not be used, where n < p, to determine clean observations of Z because of singularity
16
of the covariance matrix. Stahel-Donoho?s outlyingness measure is useful to deter-
mine a clean set of h observations of Z (Hubert et al. [22]). The high dimensional
data points, zi, are projected onto many univariate directions v. For every direction
v, robust center ?r and robust standard deviation, ^ r (based on univariate BACON
method) are obtained for the projected observations, z0iv (i = 1;:::;n). Outlyingness
measure based on these robust center and scale values can be deflned as:
Outl(zj) = maxvj z
0
iv ? ^?r j
^ r ; i = 1;:::;n:
This measure will detect the points which are outlying on the projection vector.
Therefore, this will result into h clean set of observations (h=0:75n). For h observa-
tions the mean, ^?1, and the scatter matrix, ^?1, of the Z matrix are obtained. The
spectral decomposition of ^?1, gives:
^?1 = ?1?1?01;
where ?1 is the matrix of the eigenvectors corresponding to the eigenvalues of ^?1, ? =
diag(?1;:::;?p) is the diagonal matrix of the eigenvalues of ^?1. Then we determine
the retaining number of principal components k0 < p by using some techniques, like
a scree plot. The data are then projected onto the subspace spanned by the flrst k0
eigenvectors of the covariance matrix ^?1, that is
Z2 = (Zn?p ?1n^?01)?p?k0
17
where ?p?k0 is a matrix of the flrst k0 eigenvectors ?1. Next, BACON algorithm is
applied to flnd the mean vector, ^?B, and scatter matrix, ^?B, of the matrix, Z2. Based
on the robust covariance matrix, ^?B, the robust PCs are obtained as:
Z3 = (Z2 ?1n^?0B)??p?k1;
where ??p?k1 is the matrix of eigenvectors corresponding to the flrst k1 eigenvalues,
that are determined by a selection criteria (e.g., a scree plot), of the robust BACON
based covariance matrix ^?B [3].
2.3 Classical and Robust Functional Principal Component Analysis and
Outlier Detection
When the dataset is in the form of a curve, the procedure for PCA can be
generalized for functional principal component analysis (FPCA) to obtain main modes
of variability for the curves.
2.3.1 Classical Functional Principal Component Analysis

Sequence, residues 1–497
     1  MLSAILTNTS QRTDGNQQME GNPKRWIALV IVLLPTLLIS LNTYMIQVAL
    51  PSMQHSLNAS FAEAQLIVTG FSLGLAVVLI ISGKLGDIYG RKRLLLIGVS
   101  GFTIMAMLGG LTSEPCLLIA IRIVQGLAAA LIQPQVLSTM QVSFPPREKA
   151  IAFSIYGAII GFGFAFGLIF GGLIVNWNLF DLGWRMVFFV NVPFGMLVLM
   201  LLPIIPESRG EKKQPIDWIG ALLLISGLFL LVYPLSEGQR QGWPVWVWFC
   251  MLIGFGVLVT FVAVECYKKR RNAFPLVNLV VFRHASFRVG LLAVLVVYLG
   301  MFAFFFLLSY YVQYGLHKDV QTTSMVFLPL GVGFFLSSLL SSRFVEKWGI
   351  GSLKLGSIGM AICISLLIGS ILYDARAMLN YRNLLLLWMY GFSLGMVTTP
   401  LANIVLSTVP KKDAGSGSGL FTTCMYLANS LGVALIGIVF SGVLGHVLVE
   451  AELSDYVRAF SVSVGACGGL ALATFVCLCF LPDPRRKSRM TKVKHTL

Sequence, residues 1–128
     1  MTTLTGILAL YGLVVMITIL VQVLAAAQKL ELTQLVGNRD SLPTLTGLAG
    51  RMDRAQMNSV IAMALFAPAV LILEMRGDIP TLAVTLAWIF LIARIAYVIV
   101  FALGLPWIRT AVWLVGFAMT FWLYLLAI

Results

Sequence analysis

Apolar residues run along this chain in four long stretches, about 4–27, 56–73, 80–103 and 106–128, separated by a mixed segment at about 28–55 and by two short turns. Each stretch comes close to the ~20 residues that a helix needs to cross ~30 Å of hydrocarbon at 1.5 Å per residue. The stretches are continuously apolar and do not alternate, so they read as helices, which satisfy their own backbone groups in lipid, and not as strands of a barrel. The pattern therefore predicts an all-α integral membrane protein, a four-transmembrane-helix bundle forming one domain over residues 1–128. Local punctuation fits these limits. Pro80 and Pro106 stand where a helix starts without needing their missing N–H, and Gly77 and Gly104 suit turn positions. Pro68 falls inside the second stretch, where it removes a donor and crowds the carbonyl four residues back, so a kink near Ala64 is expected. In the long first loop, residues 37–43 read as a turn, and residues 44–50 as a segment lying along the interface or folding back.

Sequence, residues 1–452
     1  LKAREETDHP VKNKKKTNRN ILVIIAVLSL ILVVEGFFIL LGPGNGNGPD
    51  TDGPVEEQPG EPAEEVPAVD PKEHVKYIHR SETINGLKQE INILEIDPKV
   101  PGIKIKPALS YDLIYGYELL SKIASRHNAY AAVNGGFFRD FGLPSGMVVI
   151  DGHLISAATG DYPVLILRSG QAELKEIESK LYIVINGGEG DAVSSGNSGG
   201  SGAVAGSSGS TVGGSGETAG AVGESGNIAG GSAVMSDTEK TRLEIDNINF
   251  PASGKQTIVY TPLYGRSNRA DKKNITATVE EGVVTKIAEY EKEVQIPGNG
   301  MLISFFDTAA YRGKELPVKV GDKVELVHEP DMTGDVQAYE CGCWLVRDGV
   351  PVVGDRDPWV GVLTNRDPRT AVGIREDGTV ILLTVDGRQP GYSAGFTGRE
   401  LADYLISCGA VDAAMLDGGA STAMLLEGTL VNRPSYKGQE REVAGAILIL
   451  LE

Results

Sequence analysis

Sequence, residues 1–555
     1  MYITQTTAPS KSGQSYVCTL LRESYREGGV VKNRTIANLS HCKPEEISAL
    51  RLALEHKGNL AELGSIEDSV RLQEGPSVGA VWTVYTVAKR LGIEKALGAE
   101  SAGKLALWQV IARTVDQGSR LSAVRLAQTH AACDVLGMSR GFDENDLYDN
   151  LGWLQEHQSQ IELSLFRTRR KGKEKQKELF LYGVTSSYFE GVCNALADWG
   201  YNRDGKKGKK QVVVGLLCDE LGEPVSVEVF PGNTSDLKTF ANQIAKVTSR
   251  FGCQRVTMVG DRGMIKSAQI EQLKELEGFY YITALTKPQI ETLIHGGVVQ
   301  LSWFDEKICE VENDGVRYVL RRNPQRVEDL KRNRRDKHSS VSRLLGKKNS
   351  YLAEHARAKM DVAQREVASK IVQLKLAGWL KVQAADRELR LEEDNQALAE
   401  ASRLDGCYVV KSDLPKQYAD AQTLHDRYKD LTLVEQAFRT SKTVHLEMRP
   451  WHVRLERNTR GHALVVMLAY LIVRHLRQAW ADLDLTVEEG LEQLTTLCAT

When the dataset is in the form of a curve, the procedure for classical PCA
can be generalized for Functional Principal Component Analysis (FPCA) to obtain
main modes of variability for the curves. Instead of variable values xij, used in
PCA, functional values xi(t) are used in FPCA, so that the discrete index j in the
multivariate context is replaced by continuous index t. Unlike multivariate PCA,
components in functional PCs are functions rather than vectors. So summations over
j are replaced by integrations over t.
18
Let fx(t);t 2Tg be a stochastic process where T is some index set which is a
bounded interval on <. The principal component scores corresponding to weight is
generalized to an integral form,
Zi =
Z
j(t)xi(t)dt: (2.2)
The weight function j(t) is obtained by solving
max
h j; mi=I(j=m); j?m
N?1X(
Z
jxi)2 (2.3)
or equivalent to solving the functional eigenequation
Z
?(s;t) (t)dt = ? (s); 2 L2; (2.4)
where ? is the covariance function of the x(t). The sequence of eigenfunctions i,
i = 1;2;:::, sorted with respect to the corresponding eigenvalues ?1 ? ?2 ? ::: solves
the FPCA problem (2.3). The eigenequation is the same general equation as in PCA,
except here is now an eigenfunction rather than an eigenvector. There is a major
difierence between the multivariate and functional eigenanalysis. In multivariate case
the eigenvalue-eigenfunction pairs are p (number of variables) whereas, in functional
case they are inflnite (number of functional values). In practice, the unknown covari-
ance function ? needs to be estimated by the sample values xi(t), 1 ? i ? n; where
for each i; xi(t) is observed on a discrete set of points t = ft1;:::;tpg for flnite p.
FPCA problem can be represented in terms of basis function approach. In which,
flrst k bases functions in a basis f`1;:::;`kg are used, where k is large enough, so
that these functions will be able to describe most of the features of the data. The
bases are selected based on the nature of the data; for example if the data are smooth
19
and periodic then a Fourier basis might be ideal and for data that have a lot of local
features then B-splines might work better. Approximate each xi by:
^xi(t) =
kX
K=1
ciK`K(t): (2.5)
We can express all n curves simultaneously by deflning the vector-valued function x to
have components x1;x2;:::;xn and the vector valued function ` to have components
`1;:::;`k as:
x = C`; (2.6)
where the coe?cient matrix C is n ? k. In matrix terms the variance-covariance
function is:
?(s;t) = n?1`(s)0C0C`(t): (2.7)
Deflne W as a symmetric matrix of order k
W =
Z
``0: (2.8)
Suppose that the weight function has the expansion
(s) = XbK`K(s) (2.9)
and in matrix notation, (s) = `(s)0b. Using equations (2.6-2.9) the left hand side of
eigen equation (2.4) becomes
Z